Better Business Bureau Warns Job Seekers About LinkedIn Scams

Con artists are posing as recruiters on LinkedIn, exploiting the social media site that is used to network, and in a growing number of cases, find employment.

Con Artists are Posing as Recruiters on Popular Networking Site

Connecticut Better Business Bureau is alerting job-seekers to a new twist in employment scams that are designed to collect personal information for identity theft.  Con artists are posing as recruiters on LinkedIn, exploiting the social media site that is used to network, and in a growing number of cases, find employment. 

LinkedIn appeals to job seekers because it allows them to post their experience and résumés and then be contacted by potential employers or recruiters. 

Scammers create fake profiles and send messages that include a link to a site that seeks personal information.  The websites may look legitimate, but often ask for financial and personal identifying information, such as Social Security numbers or birthdates.   Scammers then use that information to steal victims’ identities, access bank accounts or install malware on their computers. 

This is the latest wrinkle in a variety of scams that prey upon job-seekers.  These include potential “employers” posting fake jobs, asking for money upfront for training and background checks, and personal information and bank account numbers, supposedly to set-up automatic salary deposits. 

Job-seekers should research any recruiter before divulging sensitive information.  Most employers will not ask for a Social Security number or birth date until they make a formal job offer. 

BBB offers these tips to avoid becoming a victim of a LinkedIn scam: 

Be careful who you connect with on LinkedIn - Before accepting a connection request, check out their profile and connections.  If you have doubts about their legitimacy, do not add them.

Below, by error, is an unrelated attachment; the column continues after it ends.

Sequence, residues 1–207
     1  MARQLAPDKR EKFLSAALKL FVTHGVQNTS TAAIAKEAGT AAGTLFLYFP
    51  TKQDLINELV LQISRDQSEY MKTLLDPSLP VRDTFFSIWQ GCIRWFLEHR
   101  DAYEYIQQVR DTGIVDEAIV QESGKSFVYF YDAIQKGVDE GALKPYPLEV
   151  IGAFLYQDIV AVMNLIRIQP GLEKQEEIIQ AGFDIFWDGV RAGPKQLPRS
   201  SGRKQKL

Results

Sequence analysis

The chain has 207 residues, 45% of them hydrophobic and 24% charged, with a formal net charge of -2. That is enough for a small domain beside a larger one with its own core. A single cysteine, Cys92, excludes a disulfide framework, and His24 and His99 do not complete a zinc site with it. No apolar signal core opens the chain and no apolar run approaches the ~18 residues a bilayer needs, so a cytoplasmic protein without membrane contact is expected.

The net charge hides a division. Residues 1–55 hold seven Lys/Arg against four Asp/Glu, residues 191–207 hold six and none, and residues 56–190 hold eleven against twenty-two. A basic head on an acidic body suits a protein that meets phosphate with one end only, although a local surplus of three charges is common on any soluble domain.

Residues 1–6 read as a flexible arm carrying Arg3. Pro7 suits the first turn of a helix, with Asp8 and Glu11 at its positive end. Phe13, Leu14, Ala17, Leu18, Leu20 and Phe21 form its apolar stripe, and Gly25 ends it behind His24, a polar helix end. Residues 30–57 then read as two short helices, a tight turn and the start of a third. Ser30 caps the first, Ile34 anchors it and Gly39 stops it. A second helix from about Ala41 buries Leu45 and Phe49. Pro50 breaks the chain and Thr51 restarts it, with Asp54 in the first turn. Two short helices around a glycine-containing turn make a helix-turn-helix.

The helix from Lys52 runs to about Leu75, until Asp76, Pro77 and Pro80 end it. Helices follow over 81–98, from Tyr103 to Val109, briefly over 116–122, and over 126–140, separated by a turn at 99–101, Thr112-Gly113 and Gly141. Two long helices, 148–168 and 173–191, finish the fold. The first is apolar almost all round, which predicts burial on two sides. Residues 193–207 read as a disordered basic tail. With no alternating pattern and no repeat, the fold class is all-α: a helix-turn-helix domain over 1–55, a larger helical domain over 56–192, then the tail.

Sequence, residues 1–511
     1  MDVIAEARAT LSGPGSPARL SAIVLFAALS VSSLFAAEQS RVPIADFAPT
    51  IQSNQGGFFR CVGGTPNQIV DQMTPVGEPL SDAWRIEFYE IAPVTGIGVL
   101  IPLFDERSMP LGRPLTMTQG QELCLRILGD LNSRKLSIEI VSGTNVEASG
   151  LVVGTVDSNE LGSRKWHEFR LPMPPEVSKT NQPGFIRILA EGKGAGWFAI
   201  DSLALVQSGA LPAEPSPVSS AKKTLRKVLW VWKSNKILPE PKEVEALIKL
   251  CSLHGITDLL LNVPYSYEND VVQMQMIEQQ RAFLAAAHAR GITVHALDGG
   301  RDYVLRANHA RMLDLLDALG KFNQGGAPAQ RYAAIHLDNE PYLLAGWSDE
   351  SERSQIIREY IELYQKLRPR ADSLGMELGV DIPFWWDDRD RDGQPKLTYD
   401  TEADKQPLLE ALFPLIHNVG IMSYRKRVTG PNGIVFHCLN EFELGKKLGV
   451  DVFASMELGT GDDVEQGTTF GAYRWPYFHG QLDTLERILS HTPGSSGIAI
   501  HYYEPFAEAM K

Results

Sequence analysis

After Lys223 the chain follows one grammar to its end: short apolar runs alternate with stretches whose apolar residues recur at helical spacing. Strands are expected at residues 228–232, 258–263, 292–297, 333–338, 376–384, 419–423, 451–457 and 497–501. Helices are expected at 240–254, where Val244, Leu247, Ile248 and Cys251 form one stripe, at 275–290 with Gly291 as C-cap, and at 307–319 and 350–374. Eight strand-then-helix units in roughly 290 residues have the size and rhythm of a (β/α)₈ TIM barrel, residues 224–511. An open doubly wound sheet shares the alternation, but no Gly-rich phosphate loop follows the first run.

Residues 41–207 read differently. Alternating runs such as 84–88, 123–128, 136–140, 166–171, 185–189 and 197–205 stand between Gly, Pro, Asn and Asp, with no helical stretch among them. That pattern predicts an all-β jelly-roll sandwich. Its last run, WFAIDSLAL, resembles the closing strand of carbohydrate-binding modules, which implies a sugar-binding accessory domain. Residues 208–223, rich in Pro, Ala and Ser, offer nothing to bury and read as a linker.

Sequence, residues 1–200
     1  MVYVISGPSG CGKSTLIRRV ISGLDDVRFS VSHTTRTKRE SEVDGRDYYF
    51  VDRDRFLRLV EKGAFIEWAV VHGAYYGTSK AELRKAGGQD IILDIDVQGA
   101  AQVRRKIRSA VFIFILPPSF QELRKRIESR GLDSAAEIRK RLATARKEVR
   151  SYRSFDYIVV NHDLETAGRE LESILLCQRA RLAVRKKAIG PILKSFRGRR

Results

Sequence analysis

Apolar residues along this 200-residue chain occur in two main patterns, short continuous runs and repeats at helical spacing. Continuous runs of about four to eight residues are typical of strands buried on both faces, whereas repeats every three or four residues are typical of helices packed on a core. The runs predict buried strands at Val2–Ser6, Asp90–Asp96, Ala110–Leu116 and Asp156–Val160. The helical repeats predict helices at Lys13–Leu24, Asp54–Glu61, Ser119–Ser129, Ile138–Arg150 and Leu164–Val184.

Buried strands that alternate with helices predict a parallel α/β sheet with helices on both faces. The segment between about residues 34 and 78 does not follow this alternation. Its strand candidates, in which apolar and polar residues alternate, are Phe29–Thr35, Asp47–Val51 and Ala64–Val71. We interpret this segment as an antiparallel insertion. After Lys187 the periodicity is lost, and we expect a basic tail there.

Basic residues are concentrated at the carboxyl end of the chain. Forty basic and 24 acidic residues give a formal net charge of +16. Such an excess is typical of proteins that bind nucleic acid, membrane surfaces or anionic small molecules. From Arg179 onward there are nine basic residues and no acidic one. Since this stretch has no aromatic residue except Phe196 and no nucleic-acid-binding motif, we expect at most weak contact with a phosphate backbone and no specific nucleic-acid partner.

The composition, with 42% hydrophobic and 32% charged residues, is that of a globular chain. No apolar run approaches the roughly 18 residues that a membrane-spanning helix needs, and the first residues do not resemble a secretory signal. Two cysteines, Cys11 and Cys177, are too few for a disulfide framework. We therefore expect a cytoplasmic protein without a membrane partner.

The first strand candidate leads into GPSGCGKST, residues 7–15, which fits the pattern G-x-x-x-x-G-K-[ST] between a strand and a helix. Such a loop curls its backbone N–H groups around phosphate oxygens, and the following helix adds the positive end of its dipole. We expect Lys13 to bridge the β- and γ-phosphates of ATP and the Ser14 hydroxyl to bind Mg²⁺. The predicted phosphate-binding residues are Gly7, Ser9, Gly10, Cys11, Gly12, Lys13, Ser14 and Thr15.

Never pay for a job - If a “recruiter” mentions an opportunity where you must pay for training, block them.   A legitimate employer will never ask you to pay to work.

Be wary of work-at-home jobs - Real work-at-home jobs require special skills, so be cautious when you find postings that offer big money with no required experience. 

Search for the recruiter’s picture - Scammers often use a fake, generic photo and you can likely find the photo elsewhere. 

Ask to call them - If a recruiter contacts you via message, request to speak on the phone.  If they avoid talking by telephone, consider that a red flag. 

If you find yourself a victim of the scam, act fast - If an employment con artist was able to access your computer, they may have collected your personal information, including passwords and banking information. Change your passwords immediately.  If you see any strange banking activity, notify your bank.

 -Submitted by Howard Schwartz, Executive Communications Director, Connecticut Better Business Bureau 

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